From this recent round of meetings, including with Secretary of State Kerry in Berlin, I retain the commitment of Prime Minister Netanyahu to guarantee the status quo of the holy sites and the desire of all parties to de-escalate the situation on the ground. I also welcome and support Secretary of State Kerry's initiative to address the situation in the holy sites, highlighting the role of Jordan in this, which is key.
In the next few weeks the Quartet Envoys will engage directly with the parties. It is now up to the Israeli and the Palestinian leadership to demonstrate with acts that their commitment to the two-state solution is real, and not just fake, not just a slogan. If Prime Minister Netanyahu and President Abbas fail now to work together, if they don't cooperate to stop the violence, if they don't rebuild a credible political process – the situation for their own people will only get worse and worse.
The regional context is as tense as it could be. Even if this is a sentence we should never say, because it could also always turn worse. But we don't want to see an old conflict, such as this one, mix with the newer crises in neighbouring countries. The conditions around Israel and Palestine are today much, much more dangerous than they used to be decades ago. This is a risky time also and mainly for the people in Israel and in Palestine alike. And if the leaderships don't understand that now, that it's not business as usual even in the management of the old conflict where all "used to" – let me use this because we never got used to a conflict that brings so many deaths and sufferings – if they don't realise that it is more urgent today to solve this, then there will be little that the international community can really do to support the process. The mix of old and new, of history and religious elements in this moment in the region, could be explosive, not only for the people involved, for all.
Peace between the Israelis and the Palestinians is an interest we all share, in the region and beyond. For this reason we invited, again, on an European initiative, key Arab countries to join our Quartet meetings. Think of how relevant can Egypt be for Gaza, and Jordan for the holy places, which is something we are seeing every day, and Saudi Arabia for re-launching the Arab Peace Initiative and adapting it to these times. Only in a renewed regional framework is peace possible. Arab partners have stressed to me their readiness to work with the Quartet in the coming months. We actually have started already to work together with them. But like us, they need to see determined leadership by the parties. We can build all the international and regional support, but they have to take responsibility for showing responsibility inside. First of all, inside their own societies and their own communities.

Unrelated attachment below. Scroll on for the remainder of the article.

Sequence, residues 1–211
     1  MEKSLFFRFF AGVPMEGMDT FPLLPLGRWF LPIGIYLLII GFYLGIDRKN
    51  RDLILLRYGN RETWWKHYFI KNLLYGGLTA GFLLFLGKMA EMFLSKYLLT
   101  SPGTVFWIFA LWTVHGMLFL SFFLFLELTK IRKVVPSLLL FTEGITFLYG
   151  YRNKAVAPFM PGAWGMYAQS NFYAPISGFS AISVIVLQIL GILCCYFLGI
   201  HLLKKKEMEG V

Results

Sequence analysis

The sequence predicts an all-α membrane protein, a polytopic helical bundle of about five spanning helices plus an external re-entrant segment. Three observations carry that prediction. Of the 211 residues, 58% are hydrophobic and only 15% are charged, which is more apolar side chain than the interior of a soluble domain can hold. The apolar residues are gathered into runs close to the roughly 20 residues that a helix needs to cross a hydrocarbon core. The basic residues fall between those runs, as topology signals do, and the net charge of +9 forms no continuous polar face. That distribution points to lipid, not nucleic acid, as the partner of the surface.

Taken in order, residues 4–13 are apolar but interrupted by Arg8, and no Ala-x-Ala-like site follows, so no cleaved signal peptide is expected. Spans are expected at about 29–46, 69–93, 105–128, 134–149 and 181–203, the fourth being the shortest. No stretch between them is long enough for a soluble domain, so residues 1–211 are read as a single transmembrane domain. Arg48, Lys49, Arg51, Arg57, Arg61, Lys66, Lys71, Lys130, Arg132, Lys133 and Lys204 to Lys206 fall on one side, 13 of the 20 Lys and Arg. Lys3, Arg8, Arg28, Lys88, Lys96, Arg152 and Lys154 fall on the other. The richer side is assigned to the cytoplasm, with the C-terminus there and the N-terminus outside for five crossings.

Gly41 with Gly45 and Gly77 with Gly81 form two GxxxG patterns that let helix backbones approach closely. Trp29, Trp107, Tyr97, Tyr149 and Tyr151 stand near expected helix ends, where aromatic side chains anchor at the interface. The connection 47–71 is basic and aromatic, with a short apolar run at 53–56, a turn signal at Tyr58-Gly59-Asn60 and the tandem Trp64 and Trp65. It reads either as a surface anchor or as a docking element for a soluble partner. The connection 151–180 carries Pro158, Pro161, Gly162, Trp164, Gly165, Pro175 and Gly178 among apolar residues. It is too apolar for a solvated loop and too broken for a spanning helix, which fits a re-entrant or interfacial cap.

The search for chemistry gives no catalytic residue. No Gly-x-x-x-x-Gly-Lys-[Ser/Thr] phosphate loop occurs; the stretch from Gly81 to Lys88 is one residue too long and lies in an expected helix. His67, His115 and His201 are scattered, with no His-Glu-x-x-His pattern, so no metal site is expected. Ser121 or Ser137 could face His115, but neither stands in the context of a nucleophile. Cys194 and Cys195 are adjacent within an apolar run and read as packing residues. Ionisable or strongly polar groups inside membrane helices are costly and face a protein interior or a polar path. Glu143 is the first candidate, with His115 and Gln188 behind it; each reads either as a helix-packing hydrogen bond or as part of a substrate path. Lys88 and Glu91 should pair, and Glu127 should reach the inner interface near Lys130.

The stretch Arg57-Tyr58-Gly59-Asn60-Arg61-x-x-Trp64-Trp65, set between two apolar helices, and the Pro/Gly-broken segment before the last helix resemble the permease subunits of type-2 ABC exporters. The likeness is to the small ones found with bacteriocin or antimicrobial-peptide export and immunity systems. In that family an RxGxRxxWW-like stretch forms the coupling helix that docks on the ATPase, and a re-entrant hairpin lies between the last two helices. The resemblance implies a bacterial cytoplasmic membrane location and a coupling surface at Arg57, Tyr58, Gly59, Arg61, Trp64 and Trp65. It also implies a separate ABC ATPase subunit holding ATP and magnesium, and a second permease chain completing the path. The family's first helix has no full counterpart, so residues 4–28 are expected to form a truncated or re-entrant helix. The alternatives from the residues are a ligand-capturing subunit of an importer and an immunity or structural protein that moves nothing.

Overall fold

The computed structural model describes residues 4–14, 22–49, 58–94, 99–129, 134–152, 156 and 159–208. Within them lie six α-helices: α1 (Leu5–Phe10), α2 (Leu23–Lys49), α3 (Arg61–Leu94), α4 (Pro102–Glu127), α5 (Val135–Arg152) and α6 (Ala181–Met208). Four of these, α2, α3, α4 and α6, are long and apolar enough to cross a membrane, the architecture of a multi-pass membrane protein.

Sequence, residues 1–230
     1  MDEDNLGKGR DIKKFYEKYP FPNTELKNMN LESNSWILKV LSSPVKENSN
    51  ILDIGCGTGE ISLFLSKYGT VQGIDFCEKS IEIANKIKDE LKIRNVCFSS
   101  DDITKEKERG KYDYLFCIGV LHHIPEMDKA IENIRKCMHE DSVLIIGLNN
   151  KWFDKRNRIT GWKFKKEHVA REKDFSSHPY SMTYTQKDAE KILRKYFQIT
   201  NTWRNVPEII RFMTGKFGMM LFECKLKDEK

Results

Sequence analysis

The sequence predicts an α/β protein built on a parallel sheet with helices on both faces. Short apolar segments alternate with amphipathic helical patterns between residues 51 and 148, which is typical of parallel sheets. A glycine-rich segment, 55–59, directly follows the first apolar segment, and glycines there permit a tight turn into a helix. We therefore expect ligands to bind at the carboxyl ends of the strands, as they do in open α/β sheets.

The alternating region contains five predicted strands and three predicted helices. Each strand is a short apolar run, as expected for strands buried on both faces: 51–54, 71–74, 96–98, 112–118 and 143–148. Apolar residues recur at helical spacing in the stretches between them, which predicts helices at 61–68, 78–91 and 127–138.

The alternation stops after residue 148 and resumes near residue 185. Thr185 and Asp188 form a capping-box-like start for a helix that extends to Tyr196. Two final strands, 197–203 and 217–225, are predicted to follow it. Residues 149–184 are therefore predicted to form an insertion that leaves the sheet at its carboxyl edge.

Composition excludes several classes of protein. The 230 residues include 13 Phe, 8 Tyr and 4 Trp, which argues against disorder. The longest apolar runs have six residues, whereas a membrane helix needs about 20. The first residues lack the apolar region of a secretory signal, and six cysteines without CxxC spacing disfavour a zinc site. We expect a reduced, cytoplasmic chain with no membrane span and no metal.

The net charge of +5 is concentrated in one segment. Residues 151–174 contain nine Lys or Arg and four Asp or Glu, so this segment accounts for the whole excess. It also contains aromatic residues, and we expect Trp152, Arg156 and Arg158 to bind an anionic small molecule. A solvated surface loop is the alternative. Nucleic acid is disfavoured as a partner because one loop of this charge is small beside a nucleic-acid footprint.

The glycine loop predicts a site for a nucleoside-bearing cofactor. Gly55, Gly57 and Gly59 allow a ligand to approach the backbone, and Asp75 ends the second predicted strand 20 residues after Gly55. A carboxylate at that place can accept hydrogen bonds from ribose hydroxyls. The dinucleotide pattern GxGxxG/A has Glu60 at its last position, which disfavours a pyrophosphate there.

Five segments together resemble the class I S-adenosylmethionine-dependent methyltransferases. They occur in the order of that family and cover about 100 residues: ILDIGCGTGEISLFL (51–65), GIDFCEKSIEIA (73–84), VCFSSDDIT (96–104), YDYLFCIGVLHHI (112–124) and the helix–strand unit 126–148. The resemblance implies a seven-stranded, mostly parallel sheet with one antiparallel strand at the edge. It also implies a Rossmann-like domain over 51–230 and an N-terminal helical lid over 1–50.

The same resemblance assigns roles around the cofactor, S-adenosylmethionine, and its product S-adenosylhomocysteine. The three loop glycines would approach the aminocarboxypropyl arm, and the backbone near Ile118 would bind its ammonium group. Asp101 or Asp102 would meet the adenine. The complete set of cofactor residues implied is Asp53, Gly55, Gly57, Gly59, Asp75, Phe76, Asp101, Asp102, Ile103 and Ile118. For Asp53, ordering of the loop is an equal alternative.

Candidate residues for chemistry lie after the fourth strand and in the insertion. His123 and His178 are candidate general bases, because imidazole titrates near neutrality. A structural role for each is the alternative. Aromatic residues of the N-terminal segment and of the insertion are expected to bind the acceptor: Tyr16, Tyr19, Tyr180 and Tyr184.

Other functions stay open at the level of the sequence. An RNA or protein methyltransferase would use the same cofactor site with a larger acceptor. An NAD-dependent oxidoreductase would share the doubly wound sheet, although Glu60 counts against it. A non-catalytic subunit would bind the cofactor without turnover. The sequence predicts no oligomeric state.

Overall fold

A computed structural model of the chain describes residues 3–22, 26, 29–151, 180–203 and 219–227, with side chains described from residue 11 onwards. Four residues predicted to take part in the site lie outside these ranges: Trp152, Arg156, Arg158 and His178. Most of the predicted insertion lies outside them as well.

Recent events should serve as a warning. If anyone still believes that we can just manage the current crisis, contain it a little bit and wait for the next one to come, they are wrong. This is not going to continue like this. Every cycle of violence is going to be worse than the previous one and this will destroy the Middle East. So, now it's decision time. Israeli and Palestinian leaders will have to take courageous choices, difficult ones. But this is the only path they have towards peace. They can either move forward, or watch chaos prevail in their own societies.
This is the message we have been passing, I have been passing personally to the two leaders, together with my Quartet colleagues and with my Arab friends. This is the line on which we are all committed to work and I have asked both Prime Minister Netanyahu and President Abbas to receive the Quartet envoys in the coming days - not weeks, days - to start working together on concrete steps that can be immediately taken on the ground to de-escalate on one side, and to improve the living conditions of the people.
We have to find this entry point, because talks for talks, the big horizon - today, I don't see the conditions. Internally, the two societies need to allow the leaderships to invest credibly in this, while the security situation is at it is and while the confidence needs to be built.
So we need to find first and foremost this entry point, making sure that at the end of the process the two-state solution is preserved and not pre-judged, but we have to start, we have to help them start implementing issues on the ground that can deliver for the people, for the ordinary people that today are seeing their children dying on both sides, with different numbers, but on both sides, to start having a future in their lands.
Link to the video: http://ec.europa.eu/avservices/video/player.cfm?ref=I110866